The random number generator gathers environmental noise from device drivers and other sources into an entropy pool. The generator also keeps an estimate of the number of bits of noise in the entropy pool. From this entropy pool random numbers are created.
When read, the /dev/random device will only return random bytes within the estimated number of bits of noise in the entropy pool. /dev/random should be suitable for uses that need very high quality randomness such as one-time pad or key generation. When the entropy pool is empty, reads from /dev/random will block until additional environmental noise is gathered.
A read from the /dev/urandom device will not block waiting for more entropy. As a result, if there is not sufficient entropy in the entropy pool, the returned values are theoretically vulnerable to a cryptographic attack on the algorithms used by the driver. Knowledge of how to do this is not available in the current unclassified literature, but it is theoretically possible that such an attack may exist. If this is a concern in your application, use /dev/random instead.
If a seed file is saved across reboots as recommended above (all major Linux distributions have done this since 2000 at least), the output is cryptographically secure against attackers without local root access as soon as it is reloaded in the boot sequence, and perfectly adequate for network encryption session keys. Since reads from /dev/random may block, users will usually want to open it in nonblocking mode (or perform a read with timeout), and provide some sort of user notification if the desired entropy is not immediately available.
The kernel random-number generator is designed to produce a small amount of high-quality seed material to seed a cryptographic pseudo-random number generator (CPRNG). It is designed for security, not speed, and is poorly suited to generating large amounts of random data. Users should be very economical in the amount of seed material that they read from /dev/urandom (and /dev/random); unnecessarily reading large quantities of data from this device will have a negative impact on other users of the device.
The amount of seed material required to generate a cryptographic key equals the effective key size of the key. For example, a 3072-bit RSA or Diffie-Hellman private key has an effective key size of 128 bits (it requires about 2^128 operations to break) so a key generator only needs 128 bits (16 bytes) of seed material from /dev/random.
While some safety margin above that minimum is reasonable, as a guard against flaws in the CPRNG algorithm, no cryptographic primitive available today can hope to promise more than 256 bits of security, so if any program reads more than 256 bits (32 bytes) from the kernel random pool per invocation, or per reasonable reseed interval (not less than one minute), that should be taken as a sign that its cryptography is not skilfully implemented.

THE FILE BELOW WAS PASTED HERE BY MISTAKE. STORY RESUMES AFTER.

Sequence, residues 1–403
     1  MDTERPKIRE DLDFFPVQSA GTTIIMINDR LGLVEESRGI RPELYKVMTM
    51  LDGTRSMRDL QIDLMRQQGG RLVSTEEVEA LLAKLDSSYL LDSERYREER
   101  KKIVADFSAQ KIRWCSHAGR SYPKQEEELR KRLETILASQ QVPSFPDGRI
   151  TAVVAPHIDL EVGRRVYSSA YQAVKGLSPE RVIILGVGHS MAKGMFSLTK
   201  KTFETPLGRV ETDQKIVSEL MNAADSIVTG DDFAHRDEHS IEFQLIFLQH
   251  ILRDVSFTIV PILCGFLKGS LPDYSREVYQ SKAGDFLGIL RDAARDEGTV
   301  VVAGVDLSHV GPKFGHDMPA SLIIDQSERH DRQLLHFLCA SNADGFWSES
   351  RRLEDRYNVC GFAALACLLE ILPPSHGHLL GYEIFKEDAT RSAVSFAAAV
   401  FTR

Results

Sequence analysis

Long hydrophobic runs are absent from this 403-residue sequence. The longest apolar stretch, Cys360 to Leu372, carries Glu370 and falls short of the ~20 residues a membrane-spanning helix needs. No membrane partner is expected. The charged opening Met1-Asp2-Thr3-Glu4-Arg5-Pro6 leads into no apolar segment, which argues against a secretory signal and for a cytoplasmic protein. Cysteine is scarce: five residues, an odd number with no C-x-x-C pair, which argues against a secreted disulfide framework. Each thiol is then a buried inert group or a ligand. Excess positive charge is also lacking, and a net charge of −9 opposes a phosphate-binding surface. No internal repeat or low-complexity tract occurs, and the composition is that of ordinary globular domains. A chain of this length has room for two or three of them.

When a Linux system starts up without much operator interaction, the entropy pool may be in a fairly predictable state. This reduces the actual amount of noise in the entropy pool below the estimate. In order to counteract this effect, it helps to carry entropy pool information across shut-downs and start-ups. To do this, add the following lines to an appropriate script which is run during the Linux system start-up sequence:
echo "Initializing random number generator..." random_seed=/var/run/random-seed # Carry a random seed from start-up to start-up # Load and then save the whole entropy pool if [ -f $random_seed ]; then cat $random_seed >/dev/urandom else touch $random_seed fi chmod 600 $random_seed poolfile=/proc/sys/kernel/random/poolsize [ -r $poolfile ] && bytes=`cat $poolfile` || bytes=512
Also, add the following lines in an appropriate script which is run during the Linux system shutdown:
# Carry a random seed from shut-down to start-up # Save the whole entropy pool echo "Saving random seed..." random_seed=/var/run/random-seed touch $random_seed chmod 600 $random_seed poolfile=/proc/sys/kernel/random/poolsize [ -r $poolfile ] && bytes=`cat $poolfile` || bytes=512
The read-only file entropy_avail gives the available entropy. Normally, this will be 4096 (bits), a full entropy pool.
The file poolsize gives the size of the entropy pool. The semantics of this file vary across kernel versions:
The file read_wakeup_threshold contains the number of bits of entropy required for waking up processes that sleep waiting for entropy from /dev/random. The default is 64. The file write_wakeup_threshold contains the number of bits of entropy below which we wake up processes that do a select(2) or poll(2) for write access to /dev/random. These values can be changed by writing to the files.